This story was written by Lauren Clason, Indiana Daily Student
Indiana Universityhas a reputation for being a strictly liberal community, and campaign donations from faculty members do little to contradict that.
Public records Web sites listing donations made to political candidates show a strong lean toward the Democratic side in presidential and congressional races. According to www.OpenSecrets.org, IU employees made more than 200 donations to Barack Obamas campaign, totaling $109,443 at press time. In comparison, only 10 donations were made to John McCains campaign, totaling $4,350.
At the local level, donations to Democratic Congressman Baron Hills campaign total $11,794, and the incumbent and candidate received single donations of up to $2,300 from IU employees.
The only employees who donated more to Hill than IU employees are those of Verizon and AmeriPAC. The Web site lists no donations to Hills opponent, Republican candidate Mike Sodrel, from IU employees. Every candidate is required by law to publicly list any donation of $200 or more.
Ive supported Baron Hill because hes got the right positions on all the issues, said adjunct professor Matt Pierce, who is also a state representative. Mike Sodrel, who has run against him over and over again, has been nothing but a rubber stamp to President Bush.
Pierce is the state representative for District 61 in the Indiana House of Representatives and is also a visiting lecturer in the IU Department of Telecommunications. He donated $1,000 to Hills campaign, the same amount he contributed to Hill last election in 2006 to fight Republican candidate and then-incumbent Mike Sodrel.
That year I felt like I had to give till it hurts, Pierce said. Cheney and Bush had put millions of dollars into (Sodrels) account. That year, President Bush visited Indiana for the incumbent Sodrels campaign rally.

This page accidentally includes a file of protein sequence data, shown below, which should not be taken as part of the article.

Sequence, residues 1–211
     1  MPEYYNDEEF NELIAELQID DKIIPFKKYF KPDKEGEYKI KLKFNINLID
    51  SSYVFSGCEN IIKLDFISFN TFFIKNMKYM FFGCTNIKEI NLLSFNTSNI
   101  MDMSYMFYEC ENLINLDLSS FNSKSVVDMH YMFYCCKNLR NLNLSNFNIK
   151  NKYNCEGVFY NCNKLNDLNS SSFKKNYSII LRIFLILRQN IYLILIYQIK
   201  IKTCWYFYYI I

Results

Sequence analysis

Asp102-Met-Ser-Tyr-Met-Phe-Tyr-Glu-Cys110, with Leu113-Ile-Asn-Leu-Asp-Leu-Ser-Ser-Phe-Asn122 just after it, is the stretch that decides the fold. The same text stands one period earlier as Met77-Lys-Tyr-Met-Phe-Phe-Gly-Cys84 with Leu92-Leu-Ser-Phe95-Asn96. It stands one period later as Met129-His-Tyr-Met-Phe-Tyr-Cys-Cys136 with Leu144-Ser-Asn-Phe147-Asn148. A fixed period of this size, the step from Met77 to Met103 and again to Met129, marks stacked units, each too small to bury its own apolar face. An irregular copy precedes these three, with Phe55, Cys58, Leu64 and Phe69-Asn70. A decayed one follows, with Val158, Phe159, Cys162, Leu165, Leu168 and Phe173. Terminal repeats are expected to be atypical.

Financial support for Republican candidates from IU employees in general is a little more difficult to find. But Sodrels campaign manager Ryan Reger remains optimistic about IUs conservative population, such as the IU College Republicans. Sodrel spoke to the group on Sept. 15 at the Indiana Memorial Union.
We have a really good student base, Reger said. The IU College Republicans are really active.
Leslie Lenkowsky, professor of public affairs and philanthropic studies, regularly donates to Gov. Mitch Daniels, having given $400 in the last two years. He also donated to the Greater Indianapolis Republican Finance Committee and to the McCain campaign. You have to buy media time and pay for various kinds of staff, he said. Thats a problem with our system. You have to be able to raise a sizable amount of funds.
IU law professor Ken Dau-Schmidt fully believes in the value of financial donations. Dau-Schmidt donated $5,000 to current Monroe County prosecutor Chris Gaal when he was first elected in 2006. Gaal ran against then-prosecutor Carl Salzmann, whom Dau-Schmidt wanted out.
Still, Lenkowsky emphasizes that money isnt everything when it comes to getting involved with politics.
In a democracy, all citizens ought to be involved in the political process in one way or another, Lenkowsky said. In our system, making contributions is one way, but its not the only way. You dont always win, but at least youre contributing to a good debate.